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              Regional anaesthesia versus general anaesthesia, morbidity and mortality.

              The regional versus general anaesthesia debate is an age-old debate that has brought about few clear answers. Most concur that multiple factors including the patient, the surgery, the method of regional and general anaesthesia, and the quality of perioperative care, all influence surgical outcome. In this age of evidence-based medicine, the heterogenous data available need to be reconciled with the advances in perioperative care and the significant decline in complications associated with the surgical process as a whole. This review considers general issues such as the type of available evidence, and its limitations, particularly with regard to the relatively broad question of neuraxial versus general anaesthesia. It then assesses current evidence on regional versus general anaesthesia for specific scenarios such as hip fracture surgery, carotid endarterectomy, Caesarean section, ambulatory orthopaedic surgery, and postoperative cognitive dysfunction in elderly patients after non-cardiac surgery.

                Author and article information

                J Pain Res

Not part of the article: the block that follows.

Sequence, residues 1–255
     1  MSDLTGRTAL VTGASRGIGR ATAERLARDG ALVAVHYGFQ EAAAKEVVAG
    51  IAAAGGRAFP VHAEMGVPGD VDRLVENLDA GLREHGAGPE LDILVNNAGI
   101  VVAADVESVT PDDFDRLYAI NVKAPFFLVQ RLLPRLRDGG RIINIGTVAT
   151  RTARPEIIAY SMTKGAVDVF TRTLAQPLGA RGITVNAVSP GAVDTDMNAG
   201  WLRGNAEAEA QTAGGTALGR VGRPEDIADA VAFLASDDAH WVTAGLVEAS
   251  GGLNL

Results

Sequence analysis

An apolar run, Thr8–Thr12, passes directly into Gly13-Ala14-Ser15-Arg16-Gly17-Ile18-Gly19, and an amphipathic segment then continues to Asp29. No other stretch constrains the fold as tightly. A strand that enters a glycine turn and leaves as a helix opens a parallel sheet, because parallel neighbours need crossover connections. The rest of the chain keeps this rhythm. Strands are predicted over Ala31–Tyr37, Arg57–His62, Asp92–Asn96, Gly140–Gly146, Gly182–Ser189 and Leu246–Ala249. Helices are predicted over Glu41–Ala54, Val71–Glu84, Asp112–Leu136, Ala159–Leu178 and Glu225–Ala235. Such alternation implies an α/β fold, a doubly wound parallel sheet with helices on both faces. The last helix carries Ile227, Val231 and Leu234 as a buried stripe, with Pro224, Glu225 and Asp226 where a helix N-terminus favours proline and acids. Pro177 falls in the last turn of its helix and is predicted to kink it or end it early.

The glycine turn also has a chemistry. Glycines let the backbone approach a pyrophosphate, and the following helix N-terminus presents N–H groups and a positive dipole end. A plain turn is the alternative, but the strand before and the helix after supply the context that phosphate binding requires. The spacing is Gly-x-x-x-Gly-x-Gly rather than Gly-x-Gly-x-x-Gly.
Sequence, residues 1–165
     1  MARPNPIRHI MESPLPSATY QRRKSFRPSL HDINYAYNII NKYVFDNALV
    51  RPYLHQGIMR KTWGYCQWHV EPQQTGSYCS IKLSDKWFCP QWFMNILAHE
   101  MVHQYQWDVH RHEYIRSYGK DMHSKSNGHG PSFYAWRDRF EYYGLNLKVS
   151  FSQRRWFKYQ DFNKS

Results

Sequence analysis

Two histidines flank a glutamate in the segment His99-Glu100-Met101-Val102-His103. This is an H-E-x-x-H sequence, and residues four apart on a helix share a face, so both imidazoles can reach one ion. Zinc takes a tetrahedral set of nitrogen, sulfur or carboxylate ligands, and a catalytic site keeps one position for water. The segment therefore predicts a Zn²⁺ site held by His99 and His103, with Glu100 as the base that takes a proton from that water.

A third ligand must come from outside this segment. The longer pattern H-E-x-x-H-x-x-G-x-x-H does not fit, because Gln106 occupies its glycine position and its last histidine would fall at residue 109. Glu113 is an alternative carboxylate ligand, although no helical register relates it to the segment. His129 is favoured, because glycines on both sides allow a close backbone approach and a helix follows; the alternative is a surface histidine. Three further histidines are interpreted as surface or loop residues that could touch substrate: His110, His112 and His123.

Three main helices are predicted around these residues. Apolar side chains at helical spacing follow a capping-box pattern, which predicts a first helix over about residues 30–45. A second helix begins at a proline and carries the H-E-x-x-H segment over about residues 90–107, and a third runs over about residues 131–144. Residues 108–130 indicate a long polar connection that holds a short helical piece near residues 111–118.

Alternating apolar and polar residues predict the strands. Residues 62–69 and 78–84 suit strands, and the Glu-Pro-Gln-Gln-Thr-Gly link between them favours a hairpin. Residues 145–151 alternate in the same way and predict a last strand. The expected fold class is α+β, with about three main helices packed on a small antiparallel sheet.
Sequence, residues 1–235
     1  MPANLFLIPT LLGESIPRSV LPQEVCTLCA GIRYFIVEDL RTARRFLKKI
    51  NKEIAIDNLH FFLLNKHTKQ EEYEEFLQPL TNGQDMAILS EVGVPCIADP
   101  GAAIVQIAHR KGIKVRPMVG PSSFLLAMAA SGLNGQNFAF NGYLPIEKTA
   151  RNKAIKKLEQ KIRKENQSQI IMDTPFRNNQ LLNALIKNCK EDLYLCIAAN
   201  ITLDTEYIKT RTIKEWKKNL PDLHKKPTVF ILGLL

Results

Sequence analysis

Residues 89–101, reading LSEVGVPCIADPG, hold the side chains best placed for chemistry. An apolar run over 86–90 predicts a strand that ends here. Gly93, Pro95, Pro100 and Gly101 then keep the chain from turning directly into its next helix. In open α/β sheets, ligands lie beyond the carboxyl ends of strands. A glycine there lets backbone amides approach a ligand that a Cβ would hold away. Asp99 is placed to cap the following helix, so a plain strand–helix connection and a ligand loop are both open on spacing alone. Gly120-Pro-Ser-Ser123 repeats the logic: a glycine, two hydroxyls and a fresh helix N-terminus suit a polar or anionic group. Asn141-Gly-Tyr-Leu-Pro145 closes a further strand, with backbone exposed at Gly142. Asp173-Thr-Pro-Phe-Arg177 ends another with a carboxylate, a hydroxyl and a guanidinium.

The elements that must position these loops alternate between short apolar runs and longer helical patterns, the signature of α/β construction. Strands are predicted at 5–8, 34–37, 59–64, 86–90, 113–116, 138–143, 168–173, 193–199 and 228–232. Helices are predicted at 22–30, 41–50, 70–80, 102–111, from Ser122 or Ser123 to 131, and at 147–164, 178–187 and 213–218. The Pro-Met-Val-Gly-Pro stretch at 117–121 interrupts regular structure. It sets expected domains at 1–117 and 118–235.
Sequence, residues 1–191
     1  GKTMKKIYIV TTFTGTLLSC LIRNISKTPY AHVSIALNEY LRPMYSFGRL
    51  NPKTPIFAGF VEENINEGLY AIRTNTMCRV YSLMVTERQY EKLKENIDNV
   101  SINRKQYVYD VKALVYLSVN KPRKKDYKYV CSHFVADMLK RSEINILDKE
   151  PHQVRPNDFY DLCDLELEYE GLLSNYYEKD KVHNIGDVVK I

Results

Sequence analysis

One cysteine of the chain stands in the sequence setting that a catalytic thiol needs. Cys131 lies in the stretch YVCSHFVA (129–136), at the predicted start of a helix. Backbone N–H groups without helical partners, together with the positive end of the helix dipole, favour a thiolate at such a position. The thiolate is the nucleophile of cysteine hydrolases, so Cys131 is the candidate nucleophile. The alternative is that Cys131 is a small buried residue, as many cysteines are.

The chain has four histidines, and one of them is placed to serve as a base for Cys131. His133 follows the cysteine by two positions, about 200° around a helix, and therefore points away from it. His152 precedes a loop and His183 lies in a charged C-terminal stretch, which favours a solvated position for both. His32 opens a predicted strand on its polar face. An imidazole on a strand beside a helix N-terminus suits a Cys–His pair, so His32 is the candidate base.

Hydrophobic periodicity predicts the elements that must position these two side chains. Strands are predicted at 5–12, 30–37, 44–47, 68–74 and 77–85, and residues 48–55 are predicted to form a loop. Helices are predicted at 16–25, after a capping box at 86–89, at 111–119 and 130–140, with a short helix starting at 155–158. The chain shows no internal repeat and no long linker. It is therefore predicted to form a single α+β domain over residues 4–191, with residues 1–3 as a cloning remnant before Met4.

J Pain Res
                Journal of Pain Research
                21 January 2020
                : 13
                : 211-219
                [1 ]Department of Anesthesiology, Nanoori Hospital Gangnam , Seoul, Republic of Korea
                [2 ]Department of Neurosurgery, Nanoori Hospital Gangnam , Seoul, Republic of Korea
                [3 ]Department of Orthopedics, Ganga Ram Hospital , Delhi, India
                [4 ]Department of Neurosurgery, Nanoori Hospital Bupyeong , Incheon, Republic of Korea
                Author notes
                Correspondence: Hyeun Sung Kim Department of Neurosurgery, Nanoori Hospital Gangnam , #06048 731 Eonju Street, Gangnam-Gu, Seoul, Republic of KoreaTel +82 2 6003 9767Fax +82 2 3445 9755 Email neurospinekim@gmail.com
                © 2020 Kang et al.

                This work is published and licensed by Dove Medical Press Limited. The full terms of this license are available at https://www.dovepress.com/terms.php and incorporate the Creative Commons Attribution – Non Commercial (unported, v3.0) License ( http://creativecommons.org/licenses/by-nc/3.0/). By accessing the work you hereby accept the Terms. Non-commercial uses of the work are permitted without any further permission from Dove Medical Press Limited, provided the work is properly attributed. For permission for commercial use of this work, please see paragraphs 4.2 and 5 of our Terms ( https://www.dovepress.com/terms.php).

                Page count
                Figures: 6, Tables: 4, References: 30, Pages: 9
                Original Research